Growing up in England, Joe Scotland had dreams of becoming an artist. But then reality intervened.
"I studied fine arts at Goldsmith [in London] but I was a terrible artist, so I started working with artists instead, which was best for everyone,” Scotland says, laughing.
His creative crisis has proven to be the art world's gain.
As the director of London arts charity Studio Voltaire, Scotland now champions emerging and underrepresented artists from around the world by investing in new work, offering studio residencies and delivering a program of exhibitions, events and education projects.
All of this requires money, and financing comes from the roving fundraising store House of Voltaire, which sells art works, limited-edition prints, homewares, clothing and objects by leading contemporary artists and designers.
“We didn’t want to go down the traditional model of a gala dinner or an auction, and we wanted to have a closer relationship with artists,” says Scotland.
From July 14 to July 24 House of Voltaire is popping up in Melbourne at the former Le Louvre townhouse on Collins Street. It will offer a selection of works by some of the most coveted artists and designers alive.
“I felt Melbourne had a closer synergy to London than the other [Australian] cities, so it felt like the perfect place for us to be,” says Scotland. “We’ve been noticing an increase in world-wide sales, and we’ve done House of Voltaire in Miami a couple of times with the art fair, so it felt like the logical next step.”
Inside House of Voltaire at 80 Collins Street you will find limited-edition silk tops by Roksanda Ilincic and Eva Rothschild; slogan sweatshirts by Turner Prize-winning artist Jeremy Deller; hand-tinted etchings by Pablo Bronstein and limited-edition photographs by Simone Rocha and Kim Gordon. Alongside cashmere scarves by Peter Pilotto and jumpers by Sibling and Jim Lambie there will be a selection of works by Australian artists and designers including Hany Armanious, Tom Polo, Lucy Folk, P.A.M. and David Noonan. Prices for all works range from $1 to $60,000.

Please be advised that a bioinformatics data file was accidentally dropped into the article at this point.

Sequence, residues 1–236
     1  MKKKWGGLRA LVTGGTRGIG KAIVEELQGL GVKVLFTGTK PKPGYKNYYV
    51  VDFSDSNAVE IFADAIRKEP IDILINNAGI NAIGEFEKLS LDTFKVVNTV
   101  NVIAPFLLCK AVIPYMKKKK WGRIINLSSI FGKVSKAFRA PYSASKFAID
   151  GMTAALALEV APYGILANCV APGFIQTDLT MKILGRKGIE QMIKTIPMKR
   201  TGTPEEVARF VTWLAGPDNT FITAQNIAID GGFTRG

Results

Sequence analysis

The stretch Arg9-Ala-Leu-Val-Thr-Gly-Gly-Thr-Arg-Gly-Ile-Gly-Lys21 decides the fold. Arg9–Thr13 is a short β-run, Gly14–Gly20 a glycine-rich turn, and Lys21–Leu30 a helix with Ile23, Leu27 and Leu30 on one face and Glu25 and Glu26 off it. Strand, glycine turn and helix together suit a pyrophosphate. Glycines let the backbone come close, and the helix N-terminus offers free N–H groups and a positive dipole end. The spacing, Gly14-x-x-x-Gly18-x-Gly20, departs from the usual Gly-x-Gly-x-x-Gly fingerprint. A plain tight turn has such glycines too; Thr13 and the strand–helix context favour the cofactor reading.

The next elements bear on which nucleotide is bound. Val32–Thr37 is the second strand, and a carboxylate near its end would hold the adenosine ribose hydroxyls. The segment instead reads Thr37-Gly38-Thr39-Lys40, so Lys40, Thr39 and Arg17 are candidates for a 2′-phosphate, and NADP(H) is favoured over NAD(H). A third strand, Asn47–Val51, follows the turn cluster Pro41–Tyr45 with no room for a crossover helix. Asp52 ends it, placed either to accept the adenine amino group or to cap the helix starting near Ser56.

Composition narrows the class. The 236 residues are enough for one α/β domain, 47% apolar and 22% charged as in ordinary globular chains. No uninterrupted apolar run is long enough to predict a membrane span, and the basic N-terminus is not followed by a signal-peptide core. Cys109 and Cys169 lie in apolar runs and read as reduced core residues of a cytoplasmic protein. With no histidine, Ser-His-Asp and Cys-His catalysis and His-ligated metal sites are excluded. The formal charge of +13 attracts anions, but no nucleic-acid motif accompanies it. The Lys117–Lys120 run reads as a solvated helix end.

IDES chef Peter Gunn is creating an exclusive dining experience for the townhouse – The Dining Table by Peter Gunn – available by whole-table reservation for 12 guests at lunch and dinner. The menu includes oysters in saffron syrup; a sweet-potato broth; and a pistachio-and-date shell filled with feijoa ice-cream, chocolate and honeycomb. It will set you back $150 for four courses plus $100 for matched wines, or six courses for $220 plus $150 for matched wines.
“We’ve always had collaborations with artists and designers so it felt like a natural progression to introduce a food element,” says Scotland.
IDES’s food tests boundaries at the best of times, but for this there’s the added challenge of cooking in a heritage townhouse without a professional kitchen.
“Obviously at the restaurant there is a set up that works for us, but at Le Louvre it’s more restrictive,” says Gunn. “I have cooked for all kinds of different events, from Melbourne tram cars to rooftops, and the excitement of those challenges is what makes projects like this so interesting.”
Whether your jam is food, art or fashion – or ideally all of them – for two weeks in July the House of Voltaire has you covered.
House of Voltaire Melbourne
80 Collins Street, Melbourne
July 14–24, 2016
Mon to Thu 10am–6pm